Tip #3: Visit Your Local Running Store. Go to your local running store to get fitted for a pair of shoes. but be a discerning shopper. You really can't tell what type of shoe a runner needs by having him/her walk. Walking is completely different from running. 99% of walkers are going to heel-strike (land on the heel first then follow through and toe-off.). Around 80% of runners are heel-strikers of some sort, so the chances of the clerk determining you are a heel striker are good, but what if  you are in that 20% who are not heel strikers? What if you are a midfoot or forefoot landing runner? Also the severity of pronation or supination can be very different between walking and running. So, if you're buying loafers, have them watch you walk. If you're buying running shoes have them watch you run. Running shoes are a big investment for most runners, particularly new runners who are not used to shelling out $100-$150 for a pair of shoes. So don't be timid. Ask questions. Also a good running store is going to allow you to try on as many shoes as needed to find the one that fits best and feels good to you. Notice I said "to you." If you feel you're being pushed into a particular shoe. Walk away. Recommendations are great, but the decision should be yours. Now keep in mind, if you're buying a pair of shoes because they're "cute," then you are all on your own. LOL! Make your purchase based on need and comfort, not style. I learned a long time ago that sometimes the shoe I need may be butt-ugly. But, butt-ugly and pain-free sure beats a tortuous, but cute run.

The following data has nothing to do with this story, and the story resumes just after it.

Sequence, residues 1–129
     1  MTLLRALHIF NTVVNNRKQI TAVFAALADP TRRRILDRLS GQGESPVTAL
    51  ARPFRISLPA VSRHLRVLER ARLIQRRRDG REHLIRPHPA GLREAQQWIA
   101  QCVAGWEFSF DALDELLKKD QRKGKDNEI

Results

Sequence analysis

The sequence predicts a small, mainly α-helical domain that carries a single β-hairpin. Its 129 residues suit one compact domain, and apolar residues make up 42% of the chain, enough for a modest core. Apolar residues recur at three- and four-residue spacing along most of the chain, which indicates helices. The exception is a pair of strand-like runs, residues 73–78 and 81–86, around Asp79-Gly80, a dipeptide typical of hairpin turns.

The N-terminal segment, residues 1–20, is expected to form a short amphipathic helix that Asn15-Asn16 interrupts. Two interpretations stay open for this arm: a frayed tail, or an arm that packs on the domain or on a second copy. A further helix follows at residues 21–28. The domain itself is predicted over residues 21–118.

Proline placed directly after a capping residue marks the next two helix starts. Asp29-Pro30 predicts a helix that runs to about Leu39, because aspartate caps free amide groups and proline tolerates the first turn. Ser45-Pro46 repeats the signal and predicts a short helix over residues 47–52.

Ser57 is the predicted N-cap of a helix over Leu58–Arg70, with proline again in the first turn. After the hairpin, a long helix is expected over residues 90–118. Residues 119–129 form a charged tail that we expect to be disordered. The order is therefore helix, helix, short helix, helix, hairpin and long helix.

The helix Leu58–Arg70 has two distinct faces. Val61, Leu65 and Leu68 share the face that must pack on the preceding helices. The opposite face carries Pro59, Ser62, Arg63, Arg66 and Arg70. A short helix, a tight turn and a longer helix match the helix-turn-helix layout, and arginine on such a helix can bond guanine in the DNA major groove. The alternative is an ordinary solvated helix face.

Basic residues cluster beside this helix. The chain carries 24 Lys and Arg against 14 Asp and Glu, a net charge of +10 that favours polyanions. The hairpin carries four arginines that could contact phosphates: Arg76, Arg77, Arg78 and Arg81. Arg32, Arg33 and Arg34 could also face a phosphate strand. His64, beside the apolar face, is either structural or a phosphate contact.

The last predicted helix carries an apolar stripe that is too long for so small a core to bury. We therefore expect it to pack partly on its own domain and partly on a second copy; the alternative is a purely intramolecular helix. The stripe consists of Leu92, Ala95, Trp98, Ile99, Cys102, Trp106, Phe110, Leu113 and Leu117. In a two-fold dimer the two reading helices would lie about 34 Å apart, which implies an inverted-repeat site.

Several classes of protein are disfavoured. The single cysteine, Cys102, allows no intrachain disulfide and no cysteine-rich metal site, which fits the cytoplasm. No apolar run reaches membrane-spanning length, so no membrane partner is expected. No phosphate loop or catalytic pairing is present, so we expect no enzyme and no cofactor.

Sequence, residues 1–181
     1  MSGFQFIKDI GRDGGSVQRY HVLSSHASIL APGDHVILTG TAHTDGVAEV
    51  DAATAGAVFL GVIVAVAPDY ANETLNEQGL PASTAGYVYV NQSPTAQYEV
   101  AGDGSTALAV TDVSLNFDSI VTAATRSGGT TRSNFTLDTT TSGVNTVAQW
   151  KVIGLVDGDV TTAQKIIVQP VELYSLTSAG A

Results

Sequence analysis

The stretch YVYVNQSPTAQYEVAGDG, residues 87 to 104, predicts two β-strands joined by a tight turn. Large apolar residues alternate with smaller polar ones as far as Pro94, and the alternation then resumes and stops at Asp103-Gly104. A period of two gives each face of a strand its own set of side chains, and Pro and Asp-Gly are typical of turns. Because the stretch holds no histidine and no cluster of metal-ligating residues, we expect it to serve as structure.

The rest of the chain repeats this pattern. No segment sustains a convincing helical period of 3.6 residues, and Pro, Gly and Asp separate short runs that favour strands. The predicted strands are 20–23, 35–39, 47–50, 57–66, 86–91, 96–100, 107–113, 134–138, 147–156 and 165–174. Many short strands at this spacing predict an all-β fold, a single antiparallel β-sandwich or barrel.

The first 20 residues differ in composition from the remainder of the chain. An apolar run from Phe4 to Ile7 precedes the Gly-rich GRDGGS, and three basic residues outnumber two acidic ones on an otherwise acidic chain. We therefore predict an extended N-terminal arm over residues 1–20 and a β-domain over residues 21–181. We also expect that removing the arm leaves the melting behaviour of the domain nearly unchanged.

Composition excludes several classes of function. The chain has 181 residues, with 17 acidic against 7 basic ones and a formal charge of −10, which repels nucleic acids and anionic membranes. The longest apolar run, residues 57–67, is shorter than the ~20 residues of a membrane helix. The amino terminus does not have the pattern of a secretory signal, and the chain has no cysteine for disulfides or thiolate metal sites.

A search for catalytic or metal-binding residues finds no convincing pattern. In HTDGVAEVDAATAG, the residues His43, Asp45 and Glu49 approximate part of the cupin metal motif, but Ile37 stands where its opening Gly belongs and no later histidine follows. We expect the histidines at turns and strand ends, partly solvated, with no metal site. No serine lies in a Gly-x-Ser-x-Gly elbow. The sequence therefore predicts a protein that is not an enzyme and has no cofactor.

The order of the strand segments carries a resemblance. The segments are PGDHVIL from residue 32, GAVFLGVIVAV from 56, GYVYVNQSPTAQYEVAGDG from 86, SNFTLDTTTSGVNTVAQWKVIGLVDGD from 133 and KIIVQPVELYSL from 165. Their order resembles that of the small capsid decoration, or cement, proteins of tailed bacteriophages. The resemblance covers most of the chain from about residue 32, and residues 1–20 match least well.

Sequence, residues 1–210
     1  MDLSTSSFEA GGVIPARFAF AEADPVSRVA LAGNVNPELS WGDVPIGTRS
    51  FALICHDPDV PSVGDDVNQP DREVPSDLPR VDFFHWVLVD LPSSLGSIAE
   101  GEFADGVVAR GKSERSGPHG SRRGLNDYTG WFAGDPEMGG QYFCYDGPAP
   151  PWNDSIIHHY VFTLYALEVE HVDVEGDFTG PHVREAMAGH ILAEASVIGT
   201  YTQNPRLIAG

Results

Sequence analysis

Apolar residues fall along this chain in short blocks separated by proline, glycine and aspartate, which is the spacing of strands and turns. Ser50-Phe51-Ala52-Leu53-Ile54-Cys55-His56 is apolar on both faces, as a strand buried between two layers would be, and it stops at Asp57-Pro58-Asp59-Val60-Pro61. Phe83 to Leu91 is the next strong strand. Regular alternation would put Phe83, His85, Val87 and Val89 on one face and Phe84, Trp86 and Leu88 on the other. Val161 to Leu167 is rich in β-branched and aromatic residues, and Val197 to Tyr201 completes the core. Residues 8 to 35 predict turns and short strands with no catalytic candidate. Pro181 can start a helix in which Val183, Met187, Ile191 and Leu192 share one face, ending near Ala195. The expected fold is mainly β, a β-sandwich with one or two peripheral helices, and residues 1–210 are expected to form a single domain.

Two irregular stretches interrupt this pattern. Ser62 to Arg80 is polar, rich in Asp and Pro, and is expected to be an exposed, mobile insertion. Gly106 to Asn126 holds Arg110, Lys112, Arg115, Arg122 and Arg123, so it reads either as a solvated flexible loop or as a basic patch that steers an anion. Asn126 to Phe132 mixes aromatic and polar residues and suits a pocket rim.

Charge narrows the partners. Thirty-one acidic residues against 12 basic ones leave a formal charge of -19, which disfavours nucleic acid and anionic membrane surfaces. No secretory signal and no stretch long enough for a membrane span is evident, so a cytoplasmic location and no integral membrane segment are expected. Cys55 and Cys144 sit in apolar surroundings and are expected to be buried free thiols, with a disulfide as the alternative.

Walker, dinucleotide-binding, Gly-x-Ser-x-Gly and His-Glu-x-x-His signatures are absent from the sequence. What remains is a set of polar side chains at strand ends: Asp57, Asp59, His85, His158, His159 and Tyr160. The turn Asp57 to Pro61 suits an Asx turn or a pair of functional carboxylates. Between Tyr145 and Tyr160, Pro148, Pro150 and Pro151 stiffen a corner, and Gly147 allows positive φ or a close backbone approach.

Tip #4: Let Your Feet Do the Shopping. Have an open mind. Best not to go into running shoe shopping thinking, "I want this brand or that brand." Let your foot pick the brand. There are some brands of running shoes, I think look really cool, but they just do not work with my feet.

Tip #5: Give Your New Shoes a Chance. New shoes are just that...new. It will take a few runs to break them in. If there is an obvious defect in the shoe causing discomfort, head back to the store, but otherwise, give them a few runs. Most stores have a good 60 or 90 day return policy even if you've run in them. Usually if you're returning shoes you've run in, they'll give you store credit.  Be sure to check out their policy before leaving the store.

Tip #6: Wear Your Running Shoes for Running. Typically running shoes are good for 300 to 500 miles. Whether you get 300 or 500 miles out of shoe really depends on the shoe and how quickly you break them down. Many running apps such as Strava allow you to keep track of shoe mileage and will email you a reminder when you reach a certain mileage. As mentioned earlier, walking is very different than running and will breakdown your running shoes differently than when you run in them. This can shorten the life of the shoe and can compromise the effectiveness of your shoes on the run. So, purchase a different pair of sneakers for knocking-around in and keep your running shoes for running.